Review by Brennan LaFaro
It’s been a few years since Stephen King collaborated with Hard Case Crime to release something. The last time it happened, we got Joyland—an underappreciated newer work that somehow still finds its way onto the best of lists of a fair few constant readers. Myself included.
Most of the time, I like to go in without reading a synopsis (and I’m glad I did this time, more on that later), so a first-person narrative written from the POV of a man in his early twenties recounting his childhood found me well. Add to that, this particular boy has powers. Peak King wheelhouse right there. Even if the execution faltered, I knew I’d still find enjoyment here to some degree. Thankfully, it didn’t.
Jamie, our protagonist, can see dead people, but don’t roll your eyes yet. King uses inner dialogue to make us very aware he recognizes the Sixth Sense parallels, making a silent promise to take us somewhere different. Jamie utilizes this gift early on for a variety of reasons, all in order to help people. Where it gets interesting is after we establish the rules, when one of the ghosts begins to break them.
Here’s my callback to the synopsis thing. There’s references and lore tied to an earlier King novel. Some people might consider what I just wrote a spoiler, and it is, albeit a mild one. I include it here because the back cover synopsis will not only tell you the same, but will tell you precisely what book’s mythology you’ll be revisiting. For those of you who like to go without any prior knowledge, this is big. The first time I stumbled upon a certain set of words, the book’s tenterhooks, already in place, dug in deeper and refused to let go.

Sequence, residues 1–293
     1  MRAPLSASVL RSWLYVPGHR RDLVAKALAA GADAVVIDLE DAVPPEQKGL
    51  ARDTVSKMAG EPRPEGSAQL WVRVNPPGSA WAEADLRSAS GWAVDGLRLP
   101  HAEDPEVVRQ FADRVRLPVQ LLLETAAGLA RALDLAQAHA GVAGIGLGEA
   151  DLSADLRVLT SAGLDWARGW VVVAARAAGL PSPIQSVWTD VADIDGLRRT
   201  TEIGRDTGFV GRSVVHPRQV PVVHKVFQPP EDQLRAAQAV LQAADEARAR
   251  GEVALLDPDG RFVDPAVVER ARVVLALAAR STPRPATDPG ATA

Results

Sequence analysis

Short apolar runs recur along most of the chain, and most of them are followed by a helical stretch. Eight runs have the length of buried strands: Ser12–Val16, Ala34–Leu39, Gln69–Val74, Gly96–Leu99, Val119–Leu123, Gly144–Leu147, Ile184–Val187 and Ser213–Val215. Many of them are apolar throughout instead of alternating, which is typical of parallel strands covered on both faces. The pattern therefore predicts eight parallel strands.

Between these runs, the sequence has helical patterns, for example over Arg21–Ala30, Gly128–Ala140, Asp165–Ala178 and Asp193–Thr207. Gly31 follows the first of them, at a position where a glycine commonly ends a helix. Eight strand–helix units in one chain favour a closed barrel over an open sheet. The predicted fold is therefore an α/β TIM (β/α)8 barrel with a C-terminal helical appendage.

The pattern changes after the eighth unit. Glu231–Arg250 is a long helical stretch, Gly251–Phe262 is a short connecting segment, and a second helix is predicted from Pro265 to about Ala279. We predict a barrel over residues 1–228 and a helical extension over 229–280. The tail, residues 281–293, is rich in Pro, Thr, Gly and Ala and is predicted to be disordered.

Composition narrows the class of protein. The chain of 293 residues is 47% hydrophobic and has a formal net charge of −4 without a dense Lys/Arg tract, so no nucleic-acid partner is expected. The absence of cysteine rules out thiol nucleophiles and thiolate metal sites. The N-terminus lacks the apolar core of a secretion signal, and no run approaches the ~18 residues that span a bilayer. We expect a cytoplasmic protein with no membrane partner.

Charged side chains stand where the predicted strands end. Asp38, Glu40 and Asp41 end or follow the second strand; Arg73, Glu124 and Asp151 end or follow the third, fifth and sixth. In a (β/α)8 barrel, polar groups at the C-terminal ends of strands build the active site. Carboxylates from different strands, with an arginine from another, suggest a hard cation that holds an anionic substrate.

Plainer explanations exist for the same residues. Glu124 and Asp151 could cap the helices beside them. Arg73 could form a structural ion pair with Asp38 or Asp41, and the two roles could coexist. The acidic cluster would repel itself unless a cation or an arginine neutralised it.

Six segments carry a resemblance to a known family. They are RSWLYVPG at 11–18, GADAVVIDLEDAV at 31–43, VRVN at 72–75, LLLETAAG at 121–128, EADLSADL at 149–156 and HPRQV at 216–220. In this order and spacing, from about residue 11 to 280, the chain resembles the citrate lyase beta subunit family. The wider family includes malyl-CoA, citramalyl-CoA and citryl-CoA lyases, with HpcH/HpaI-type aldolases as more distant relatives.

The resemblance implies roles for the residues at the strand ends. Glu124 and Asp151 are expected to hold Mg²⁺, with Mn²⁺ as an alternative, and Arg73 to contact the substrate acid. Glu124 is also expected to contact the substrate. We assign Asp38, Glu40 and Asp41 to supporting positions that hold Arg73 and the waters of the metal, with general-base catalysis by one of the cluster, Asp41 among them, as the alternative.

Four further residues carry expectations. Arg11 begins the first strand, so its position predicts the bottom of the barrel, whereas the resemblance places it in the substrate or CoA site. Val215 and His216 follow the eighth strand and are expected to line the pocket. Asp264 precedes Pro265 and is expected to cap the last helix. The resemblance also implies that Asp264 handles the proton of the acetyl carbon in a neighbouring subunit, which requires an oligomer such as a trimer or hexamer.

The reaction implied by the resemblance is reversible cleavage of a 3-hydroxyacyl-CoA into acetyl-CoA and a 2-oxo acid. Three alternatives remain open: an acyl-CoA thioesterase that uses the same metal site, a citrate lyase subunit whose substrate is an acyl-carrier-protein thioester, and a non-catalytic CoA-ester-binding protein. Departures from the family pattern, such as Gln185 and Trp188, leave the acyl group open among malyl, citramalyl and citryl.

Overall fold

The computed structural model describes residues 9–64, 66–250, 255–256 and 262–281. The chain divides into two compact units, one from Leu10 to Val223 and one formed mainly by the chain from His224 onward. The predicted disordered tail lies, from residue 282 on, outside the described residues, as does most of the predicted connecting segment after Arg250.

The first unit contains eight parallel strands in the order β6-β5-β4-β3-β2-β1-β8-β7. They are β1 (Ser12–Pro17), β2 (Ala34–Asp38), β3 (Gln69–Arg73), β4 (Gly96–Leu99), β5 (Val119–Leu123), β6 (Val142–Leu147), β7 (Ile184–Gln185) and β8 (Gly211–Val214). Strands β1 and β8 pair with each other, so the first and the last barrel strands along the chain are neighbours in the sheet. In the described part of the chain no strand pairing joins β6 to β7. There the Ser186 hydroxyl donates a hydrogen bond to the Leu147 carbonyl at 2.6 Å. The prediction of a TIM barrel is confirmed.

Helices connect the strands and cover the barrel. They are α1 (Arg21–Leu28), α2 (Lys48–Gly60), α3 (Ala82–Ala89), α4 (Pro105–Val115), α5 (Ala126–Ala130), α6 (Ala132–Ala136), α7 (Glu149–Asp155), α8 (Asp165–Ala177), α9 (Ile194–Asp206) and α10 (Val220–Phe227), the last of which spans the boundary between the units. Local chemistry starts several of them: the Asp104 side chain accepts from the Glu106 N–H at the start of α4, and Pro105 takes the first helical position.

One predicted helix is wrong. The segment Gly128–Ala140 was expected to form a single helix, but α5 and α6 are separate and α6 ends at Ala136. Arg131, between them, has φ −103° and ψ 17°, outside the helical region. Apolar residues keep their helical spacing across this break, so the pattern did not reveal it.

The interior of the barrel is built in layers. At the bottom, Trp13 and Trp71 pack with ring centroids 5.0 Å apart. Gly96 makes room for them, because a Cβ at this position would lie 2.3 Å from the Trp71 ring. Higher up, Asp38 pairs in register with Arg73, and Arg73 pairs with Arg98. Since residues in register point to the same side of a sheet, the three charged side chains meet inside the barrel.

I understand why this was done, with so many readers being lukewarm on King’s newer works, but the surprise hit me in a way I believe the author intended.
The book utilizes crime-story-esque pacing, with short fast chapters that give the reader seemingly unlimited chances to say “just one more” until your right hand has no pages left to hold. The characters are full of life, especially Jamie’s mother, who provides the heart of the story. Arguably, the whole thing revolves around her and King makes it work.
There are instances where the dialogue doesn’t feel terribly authentic to the main character’s age, but when the credits roll, the pros vastly outweigh the cons. If you’ve enjoyed King’s previous work with Hard Case Crime, you’ll enjoy this one. If you’re okay with the potential gimmick of bringing back older elements of King-mythos, you’ll love it. If you’re a constant reader and you’re going to get this no matter what I say, know you’re in for one of the better ones.
I received a copy from the publisher for review consideration.